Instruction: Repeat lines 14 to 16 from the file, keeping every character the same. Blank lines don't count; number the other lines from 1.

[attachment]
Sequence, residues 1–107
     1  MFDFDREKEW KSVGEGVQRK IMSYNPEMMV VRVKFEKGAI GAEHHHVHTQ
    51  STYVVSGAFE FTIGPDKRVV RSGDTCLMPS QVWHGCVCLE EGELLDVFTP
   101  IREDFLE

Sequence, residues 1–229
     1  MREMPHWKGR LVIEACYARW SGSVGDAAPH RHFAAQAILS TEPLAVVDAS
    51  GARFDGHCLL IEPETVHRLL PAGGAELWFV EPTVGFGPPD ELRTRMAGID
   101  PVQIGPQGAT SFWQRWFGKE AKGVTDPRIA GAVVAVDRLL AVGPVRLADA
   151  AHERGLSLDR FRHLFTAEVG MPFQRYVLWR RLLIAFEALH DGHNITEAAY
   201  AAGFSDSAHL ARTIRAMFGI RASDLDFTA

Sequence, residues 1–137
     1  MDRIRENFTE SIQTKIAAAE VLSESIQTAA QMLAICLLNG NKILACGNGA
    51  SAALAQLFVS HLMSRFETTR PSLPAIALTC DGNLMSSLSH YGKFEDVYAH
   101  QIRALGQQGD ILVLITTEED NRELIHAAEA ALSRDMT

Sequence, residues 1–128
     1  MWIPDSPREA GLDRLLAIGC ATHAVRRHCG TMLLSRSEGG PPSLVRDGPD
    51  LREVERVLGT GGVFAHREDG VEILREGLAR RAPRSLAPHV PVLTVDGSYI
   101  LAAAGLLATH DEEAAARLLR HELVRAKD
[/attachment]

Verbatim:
   101  QIRALGQQGD ILVLITTEED NRELIHAAEA ALSRDMT

Sequence, residues 1–128
     1  MWIPDSPREA GLDRLLAIGC ATHAVRRHCG TMLLSRSEGG PPSLVRDGPD